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CUMULATIVE VICTIMIZATION, CV, STIGMA, AND PTSD

the cumulative victimization clusters. While Fowler and colleagues’ (2009) meta-analysis of the effects of community violence on mental health outcomes found significant, moderate effects on PTSD for youths’ hearing about, witnessing, and being victimized by community violence, they also found that the effects on PTSD were weakest within high-risk samples versus low-risk ones. The current study sample is certainly high-risk: It is plausible that, much like the diminished role for witnessing IPV alone in comparison with high levels of combined victimization along with witnessing, described earlier, community violence exposure is experienced as less explicitly threatening or fear-inducing. Researchers have discussed the effects of violence exposure in terms of proximity, conceptualized as related to severity level (e.g., victimization vs. hearing about), time (e.g., 10 years ago vs. last month), and level of intimacy and emotional engagement (e.g., witnessing a stranger get beaten up on the street vs. witnessing your mother get beaten up in your living room; Lynch & Cicchetti, 1998; Zinzow et al., 2009; Zona & Milan, 2011). Perhaps participants in the current study did not experience community violence as a proximal threat, given their much more intimate experiences with cumulative victimization within their families. These familybased maltreatment experiences may prompt feelings of constant threat, deprive youths of any sort of safe haven, and irreparably harm critical intimate relationships—and thus, contribute to mental health issues such as PTSD—in ways that community violence exposure do not, at least within this sample of high-risk young women (Mrug et al., 2008; Wekerle, Wolfe, Hawkins, Pittman, Glickman, & Lovald, 2001). While neither high levels of witnessing IPV alone nor community violence exposure were important predictors, stigma was significantly, positively associated with participants’ PTSD symptoms. Further, once the effects of stigma were accounted for in the model, participants of color had significantly lower levels of PTSD symptoms in comparison with White participants. To experience stigma means to be labeled, marginalized, and discriminated against by other, more powerful members of society (Link & Phelan, 2001); as such, it can be understood as a chronic stressor and key contributor to cumulative adversity among those who are stigmatized. The young women in the current study face stigma in relation to multiple social identities, including being poor, nonWhite, adolescent mothers, homeless (or previously homeless), and/or survivors of sexual victimization (Broussard, Joseph, & Thompson, 2012; Gibson & Leitenberg, 2001; Gray & Montgomery, 2012; Prettyman, 2005; Rayburn & Guittar, 2013). How might stigma in the context of poverty and cumulative victimization negatively influence youths’ mental health? Experiencing societal discrimination and prejudice based on race, for example, may add to the feelings of worthlessness and shame fostered by an abusive family context, and thus, predict PTSD symptoms (Bernard, 2002; Gray & Montgomery, 2012). Other researchers have emphasized how chronic stressors such as discrimination and marginalization can act as triggers or traumatic reminders for those who have experienced cumulative traumas as children; this repeated triggering is conceptualized as an impediment to their development of a cohesive sense of self and a key contributor to PTSD symptoms (Ellis et al., 2008). Additionally, the constant vigilance associated with being stigmatized, as the environment is continually assessed for threats (Major & O’Brien, 2005), may play a key role, given

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the prominence of the hyperarousal component of PTSD (Schell, Marshall, & Jaycox, 2004). Before turning to the research and practice implications of the current study, its limitations must be acknowledged. Because we used a nonprobability sample, the extent to which we can generalize the findings is unknown. Additionally, the cross-sectional design limits our ability to know with certainty how the primary variables are causally related: Although we assessed for the time of onset of the cumulative victimization variables used in the cluster profiles, we did not examine the timing of stigma, for example, and we used a lifetime measure of PTSD symptoms. Next, our study relied exclusively on participants’ self-report for all of the measures. A self-report approach has been shown to yield reliable, valid data (Caskey & Rosenthal, 2005; Durant & Carey, 2000), but the methods could have been strengthened by including other sources of data. In addition, we relied on participants’ memory of their experiences with victimization beginning during childhood; while a recent analysis of retrospective reporting of victimization indicated that positive reports of abuse are usually correct, retrospective reports are likely to be underestimates (i.e., false negatives occur; Hardt & Rutter, 2004). Our study is also limited by its exclusive focus on young women, given that young men typically experience similarly high rates of family violence, and higher rates of community violence exposure (Kennedy, 2008). Finally, several authors have argued persuasively that PTSD alone cannot possibly capture the complexity of the sequelae associated with youths’ experiences with cumulative trauma. Future studies should examine multiple developmentally appropriate outcomes, including PTSD as well as other issues that have been found to co-occur, such as affective dysregulation, poor executive functioning, and interpersonal problems (Cloitre et al., 2009; D’Andrea, Stolbach, Ford, Spinazzola, & van der Kolk, 2012). Despite these limitations, our study has several implications for research and practice. In terms of research, our findings highlight the merits of a cluster analysis approach to studying cumulative victimization versus one that relies on counting: By examining cluster profiles, we can begin to better understand patterns of multiple forms of victimization, uncover heterogeneity in terms of exposure within high-risk samples, and isolate which types of victimization at what levels appear to be especially important in predicting poor mental health outcomes. Future research with low-income girls and young women living in urban areas should focus on both assessing for multiple forms of victimization and disentangling the effects of various forms of victimization and violence exposure (e.g., high levels of co-occurring family-based victimization vs. community violence exposure) on outcomes. Finally, the role of perceived stigma and discrimination must be examined as a potential key contributor to poor mental health among poor adolescents of color, young women who are pregnant or parenting, and those who have experienced homelessness or sexual victimization. For practitioners working with adolescents and young adults, the role of cumulative victimization—particularly in concert with chronic sources of adversity such as poverty—in shaping PTSD symptoms cannot be underestimated. Practitioners should assess for multiple forms of victimization and violence exposure, as well as other forms of adversity including poverty and stigma, and be prepared to provide care such as trauma-focused cognitive– behavioral therapy (TF-CBT) or prolonged exposure, both of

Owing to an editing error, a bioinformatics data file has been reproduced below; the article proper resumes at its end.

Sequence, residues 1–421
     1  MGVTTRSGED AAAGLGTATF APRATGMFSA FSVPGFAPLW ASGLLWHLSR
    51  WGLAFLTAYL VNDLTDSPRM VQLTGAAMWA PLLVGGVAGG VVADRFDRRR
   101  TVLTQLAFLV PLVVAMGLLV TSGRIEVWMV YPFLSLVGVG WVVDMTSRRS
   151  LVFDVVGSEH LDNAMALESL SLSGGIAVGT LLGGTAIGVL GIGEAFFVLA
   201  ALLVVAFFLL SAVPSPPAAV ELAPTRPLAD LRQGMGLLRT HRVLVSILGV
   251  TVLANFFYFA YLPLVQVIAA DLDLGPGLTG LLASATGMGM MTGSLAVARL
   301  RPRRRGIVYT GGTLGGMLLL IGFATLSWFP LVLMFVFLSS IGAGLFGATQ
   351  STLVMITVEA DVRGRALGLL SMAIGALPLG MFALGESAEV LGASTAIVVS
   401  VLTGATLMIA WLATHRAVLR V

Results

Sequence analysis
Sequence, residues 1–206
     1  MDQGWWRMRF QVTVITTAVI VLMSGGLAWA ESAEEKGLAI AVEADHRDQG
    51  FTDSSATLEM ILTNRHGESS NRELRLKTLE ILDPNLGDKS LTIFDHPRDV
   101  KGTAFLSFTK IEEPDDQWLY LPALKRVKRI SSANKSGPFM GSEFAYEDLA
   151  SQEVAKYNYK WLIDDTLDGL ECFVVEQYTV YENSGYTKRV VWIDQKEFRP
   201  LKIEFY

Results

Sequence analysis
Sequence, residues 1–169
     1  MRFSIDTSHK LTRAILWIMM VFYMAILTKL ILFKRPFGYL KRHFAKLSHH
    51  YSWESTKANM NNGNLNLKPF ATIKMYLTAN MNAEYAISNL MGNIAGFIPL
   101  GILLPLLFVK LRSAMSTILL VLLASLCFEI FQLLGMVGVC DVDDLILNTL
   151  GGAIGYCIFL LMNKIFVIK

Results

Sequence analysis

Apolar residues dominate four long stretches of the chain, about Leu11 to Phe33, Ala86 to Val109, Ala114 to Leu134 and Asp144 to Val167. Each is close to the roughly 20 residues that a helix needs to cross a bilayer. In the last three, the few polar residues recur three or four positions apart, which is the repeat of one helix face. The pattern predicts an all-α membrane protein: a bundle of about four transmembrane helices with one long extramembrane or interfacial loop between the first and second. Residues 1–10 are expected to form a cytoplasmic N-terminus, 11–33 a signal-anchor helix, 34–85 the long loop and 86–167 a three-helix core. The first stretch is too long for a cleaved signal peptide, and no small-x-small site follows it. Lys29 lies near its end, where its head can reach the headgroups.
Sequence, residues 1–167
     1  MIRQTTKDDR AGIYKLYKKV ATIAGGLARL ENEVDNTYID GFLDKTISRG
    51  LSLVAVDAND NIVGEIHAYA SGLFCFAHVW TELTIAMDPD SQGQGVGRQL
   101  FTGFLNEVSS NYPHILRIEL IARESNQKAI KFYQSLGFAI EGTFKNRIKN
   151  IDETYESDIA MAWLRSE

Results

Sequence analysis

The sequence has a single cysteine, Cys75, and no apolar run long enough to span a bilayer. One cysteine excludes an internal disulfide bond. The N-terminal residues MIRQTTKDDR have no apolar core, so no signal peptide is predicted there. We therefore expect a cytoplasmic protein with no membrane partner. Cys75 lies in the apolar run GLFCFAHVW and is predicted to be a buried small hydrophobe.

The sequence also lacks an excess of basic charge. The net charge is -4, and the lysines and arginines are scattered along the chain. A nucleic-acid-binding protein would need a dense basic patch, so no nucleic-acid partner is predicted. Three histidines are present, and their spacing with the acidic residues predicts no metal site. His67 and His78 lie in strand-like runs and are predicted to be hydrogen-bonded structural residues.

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which have demonstrated effectiveness with adolescents and adults (Cohen, Mannarino, Berliner, & Deblinger, 2000; Powers, Halpern, Ferenschak, Gillihan, & Foa, 2010; Seidler & Wagner, 2006). For young women experiencing stigma and discrimination, an empowerment approach may be effective, as it facilitates selfefficacy, critical consciousness, and group solidarity, which in turn may help to buffer the effects of marginalization and promote collective activism (Gutiérrez & Lewis, 1999). It is crucial that cumulative victimization receives the attention it deserves from researchers and practitioners, so that we can begin to address it and reduce its pernicious effects on young people. Keywords: cumulative victimization; family violence; sexual abuse; community violence; stigma

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Examining cumulative victimization, community violence exposure, and stigma as contributors to PTSD symptoms among high-risk young women.

This study examines patterns of lifetime victimization within the family, community violence exposure, and stigma as contributors to posttraumatic str...